Heard around the West

  • Which way did that raft go?

    Greg Woodall


Life in southern Texas can get pretty boring if you’re a 20-something National Guardsman sent to patrol the dusty border with Mexico. Three guardsmen recently found life so dreary that they picked up their weapons, jumped in their vehicle and headed out for a joyride. They failed to find much action until they drove into a subdivision and spotted an outdoor barbecue — whereupon they alarmed folks at dinner by firing their guns in the air. Maverick County Sheriff Tomas Herrera was remarkably tolerant of the bad behavior, reports The Associated Press. "There ain’t much to do in this town," he explained. "Either you can go to the local bar and play some pool and drink some beer, go to the local casino, or go across the border." The guardsmen, part of President Bush’s "Operation Jump Start," face felony charges.


That ultra-serious watchdog of the press, Columbia Journalism Review, encourages readers to chortle or wince at headline mistakes culled from newspapers around the nation. The best (or worst) are collected in a column called "The Lower Case." Recently, two Northwestern papers provided some shudders: From Washington, the Olympian’s headline read: "President takes straddling stance on national tongue," and from Portland, an Oregonian story was puzzlingly headlined: "Inmates locked up longer, but few rejoice." The 45-year-old magazine offers a $25 reward to readers who spot heads that mangle and malaprop.


A sweet-smelling earthworm, 3 feet long, would be a wondrous sight to behold, although hardly anyone has seen it since Driloleirus americanus was discovered in 1897. But the pink worm, long thought to be extinct, was seen again last year in the rich farming soils of the Palouse region along the Idaho-Washington border, spotted by a graduate student at the University of Idaho. Conservationists now want emergency protection for the animal under the Endangered Species Act. As worm defender Steve Paulson says: "What kid wouldn’t want to play with a 3-foot-long, lily-smelling, soft pink worm that spits?"


If ever a house screamed for a makeover, it’s the rundown property that Lyman and Jeanine Hepworth bought in the tiny town of Wilford, in eastern Idaho. As AP put it, the couple knew the place needed tons of work, "but they never thought they’d need a snake charmer." It seems that non-poisonous garter snakes — thousands of them — had already chosen the fixer-upper as their den for the winter. The snakes headed for the property when the temperature dropped, slithering together into giant balls to conserve heat. "When it warmed up, we walked onto the yard, and the whole yard moved," Jeanine Hepworth told the Rexburg Standard Journal. The awakened snakes turned up in unexpected places: When her husband pulled a cord to turn on a light, he grabbed a snake dangling from the ceiling; when he opened the door to an outbuilding, hundreds of snakes fell on his head. The Hepworths have never moved in. But though the seller of the snake sanctuary has offered a refund, the couple isn’t interested: They’ve videotaped their visitors crawling in and out of the house and balling up, and they’ve sent the snake show on to the makers of Extreme Home Makeover. Next year, they will find out if their "fix-up challenge" intrigues the television show’s producers.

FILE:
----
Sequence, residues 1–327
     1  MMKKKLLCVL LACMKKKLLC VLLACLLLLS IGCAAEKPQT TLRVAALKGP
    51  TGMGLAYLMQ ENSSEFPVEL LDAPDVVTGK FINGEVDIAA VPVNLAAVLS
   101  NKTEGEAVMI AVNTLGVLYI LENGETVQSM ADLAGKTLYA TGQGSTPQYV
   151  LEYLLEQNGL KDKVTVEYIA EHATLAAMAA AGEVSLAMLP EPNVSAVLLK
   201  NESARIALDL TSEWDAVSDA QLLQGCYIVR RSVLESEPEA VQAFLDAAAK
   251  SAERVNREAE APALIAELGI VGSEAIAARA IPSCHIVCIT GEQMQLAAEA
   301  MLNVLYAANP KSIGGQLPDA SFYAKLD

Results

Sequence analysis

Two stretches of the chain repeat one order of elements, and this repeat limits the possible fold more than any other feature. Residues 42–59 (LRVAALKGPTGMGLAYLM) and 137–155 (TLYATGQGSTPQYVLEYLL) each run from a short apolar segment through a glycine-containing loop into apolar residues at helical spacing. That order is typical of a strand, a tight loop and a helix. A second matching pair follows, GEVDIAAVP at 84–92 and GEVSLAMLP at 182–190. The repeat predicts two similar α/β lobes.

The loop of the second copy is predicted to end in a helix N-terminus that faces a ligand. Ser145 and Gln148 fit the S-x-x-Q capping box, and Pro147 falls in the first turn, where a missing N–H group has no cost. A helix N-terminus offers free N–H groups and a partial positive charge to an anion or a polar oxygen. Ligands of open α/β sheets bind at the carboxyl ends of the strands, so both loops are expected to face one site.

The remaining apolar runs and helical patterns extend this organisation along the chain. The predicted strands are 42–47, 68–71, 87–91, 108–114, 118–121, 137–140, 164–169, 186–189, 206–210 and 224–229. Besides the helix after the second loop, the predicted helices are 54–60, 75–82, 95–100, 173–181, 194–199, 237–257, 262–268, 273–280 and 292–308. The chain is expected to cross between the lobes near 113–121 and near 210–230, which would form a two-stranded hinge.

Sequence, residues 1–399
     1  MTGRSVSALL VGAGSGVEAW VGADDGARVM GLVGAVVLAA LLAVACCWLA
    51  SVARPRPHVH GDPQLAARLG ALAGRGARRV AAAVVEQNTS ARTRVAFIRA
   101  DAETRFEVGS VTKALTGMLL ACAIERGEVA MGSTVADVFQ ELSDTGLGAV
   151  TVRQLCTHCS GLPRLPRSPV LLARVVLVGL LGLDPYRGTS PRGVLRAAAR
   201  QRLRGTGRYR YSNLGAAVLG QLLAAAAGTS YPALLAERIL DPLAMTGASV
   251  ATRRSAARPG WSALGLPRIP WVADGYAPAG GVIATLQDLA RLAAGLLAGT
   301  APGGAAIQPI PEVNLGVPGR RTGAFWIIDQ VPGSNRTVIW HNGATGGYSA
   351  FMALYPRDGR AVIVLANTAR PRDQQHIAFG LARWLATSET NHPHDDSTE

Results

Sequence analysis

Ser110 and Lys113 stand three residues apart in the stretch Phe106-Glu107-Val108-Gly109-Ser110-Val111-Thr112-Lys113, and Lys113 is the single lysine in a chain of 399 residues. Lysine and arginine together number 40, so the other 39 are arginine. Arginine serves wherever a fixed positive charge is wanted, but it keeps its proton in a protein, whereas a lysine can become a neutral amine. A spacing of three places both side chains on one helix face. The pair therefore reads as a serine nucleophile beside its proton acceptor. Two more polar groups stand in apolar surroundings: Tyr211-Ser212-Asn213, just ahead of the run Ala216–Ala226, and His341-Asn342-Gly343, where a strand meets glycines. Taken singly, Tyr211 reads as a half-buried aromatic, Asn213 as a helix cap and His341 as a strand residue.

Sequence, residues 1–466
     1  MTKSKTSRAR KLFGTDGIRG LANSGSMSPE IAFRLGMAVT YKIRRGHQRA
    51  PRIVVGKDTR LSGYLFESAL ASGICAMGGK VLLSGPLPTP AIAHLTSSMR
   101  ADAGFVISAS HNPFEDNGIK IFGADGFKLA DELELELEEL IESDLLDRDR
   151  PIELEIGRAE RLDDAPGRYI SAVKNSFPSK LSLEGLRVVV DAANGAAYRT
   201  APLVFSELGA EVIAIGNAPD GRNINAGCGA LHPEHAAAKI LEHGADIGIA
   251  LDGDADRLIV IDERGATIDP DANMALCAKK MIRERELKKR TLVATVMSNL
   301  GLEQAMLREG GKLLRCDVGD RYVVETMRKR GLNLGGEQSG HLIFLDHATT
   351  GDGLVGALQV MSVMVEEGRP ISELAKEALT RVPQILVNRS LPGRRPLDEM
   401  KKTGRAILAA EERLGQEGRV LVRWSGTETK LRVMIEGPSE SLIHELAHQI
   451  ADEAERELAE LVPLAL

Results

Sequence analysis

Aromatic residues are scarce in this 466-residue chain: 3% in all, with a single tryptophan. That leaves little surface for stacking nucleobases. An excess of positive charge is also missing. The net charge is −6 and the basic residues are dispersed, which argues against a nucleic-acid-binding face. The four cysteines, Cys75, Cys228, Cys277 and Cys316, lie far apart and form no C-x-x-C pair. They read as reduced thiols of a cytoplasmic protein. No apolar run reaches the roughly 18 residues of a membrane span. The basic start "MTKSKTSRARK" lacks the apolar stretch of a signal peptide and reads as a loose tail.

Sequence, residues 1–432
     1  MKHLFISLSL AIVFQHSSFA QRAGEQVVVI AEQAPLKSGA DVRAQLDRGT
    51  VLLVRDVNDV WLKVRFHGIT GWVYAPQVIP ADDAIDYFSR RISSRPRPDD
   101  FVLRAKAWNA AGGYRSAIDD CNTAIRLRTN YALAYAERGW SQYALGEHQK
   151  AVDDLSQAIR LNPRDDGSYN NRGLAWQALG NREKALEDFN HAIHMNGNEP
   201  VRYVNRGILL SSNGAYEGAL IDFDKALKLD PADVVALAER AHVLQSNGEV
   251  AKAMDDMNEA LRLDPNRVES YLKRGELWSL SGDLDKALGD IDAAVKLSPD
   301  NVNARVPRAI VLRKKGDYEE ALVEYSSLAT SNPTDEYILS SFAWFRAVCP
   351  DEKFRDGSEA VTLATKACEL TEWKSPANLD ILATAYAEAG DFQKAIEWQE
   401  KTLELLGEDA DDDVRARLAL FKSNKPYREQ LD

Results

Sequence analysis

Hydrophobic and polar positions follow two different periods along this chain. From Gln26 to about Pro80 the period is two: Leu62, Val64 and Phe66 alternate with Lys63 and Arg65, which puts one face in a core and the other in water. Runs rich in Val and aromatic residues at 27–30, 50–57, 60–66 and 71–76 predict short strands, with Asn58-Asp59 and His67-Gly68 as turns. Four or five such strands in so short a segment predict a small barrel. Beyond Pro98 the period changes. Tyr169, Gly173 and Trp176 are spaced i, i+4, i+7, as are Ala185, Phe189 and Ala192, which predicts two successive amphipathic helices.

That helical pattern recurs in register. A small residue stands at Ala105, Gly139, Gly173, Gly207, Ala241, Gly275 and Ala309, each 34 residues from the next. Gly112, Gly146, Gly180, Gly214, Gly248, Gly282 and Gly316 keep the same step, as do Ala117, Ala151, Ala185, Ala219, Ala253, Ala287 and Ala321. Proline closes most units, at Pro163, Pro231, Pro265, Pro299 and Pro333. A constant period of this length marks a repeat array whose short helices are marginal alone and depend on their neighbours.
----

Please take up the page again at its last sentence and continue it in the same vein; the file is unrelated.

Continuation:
Joe Jepson, who lives seven miles northeast of Silverton in western Colorado, says that every year, a few all-terrain vehicles wander onto his property. He points out his no-trespassing signs, and usually the drivers retreat. But last month, after Jepson saw two men "spinning doughnuts in wetlands and raising hell," the encounter turned ugly. "One guy just hit the throttle and ran into me," Jepson told the Durango Herald. Jepson was thrown 25 feet, breaking his leg. Jepson said the second ATVer initially asked him if he needed a ride, but then took off after his friend. Jepson faces surgery; the San Juan County Sheriff’s Office is still seeking information about the hit-and-run assault.


The Northwest hasn’t nearly as many "extreme commuters" as New York, with "extreme" defined as any trip to work that lasts 90 minutes or more. But the Oregonian found that high home prices are pushing people farther from Portland, in a phenomenon that real estate agents call "drive till you qualify." As a result, commutes longer than 45 minutes are increasing, while the number of workers who commute a wonderful 15 minutes or less is decreasing.


Betsy Marston is editor of Writers on the Range, a service of High Country News in Paonia, Colorado. Tips of Western oddities are always appreciated and often shared in the column, Heard around the West.

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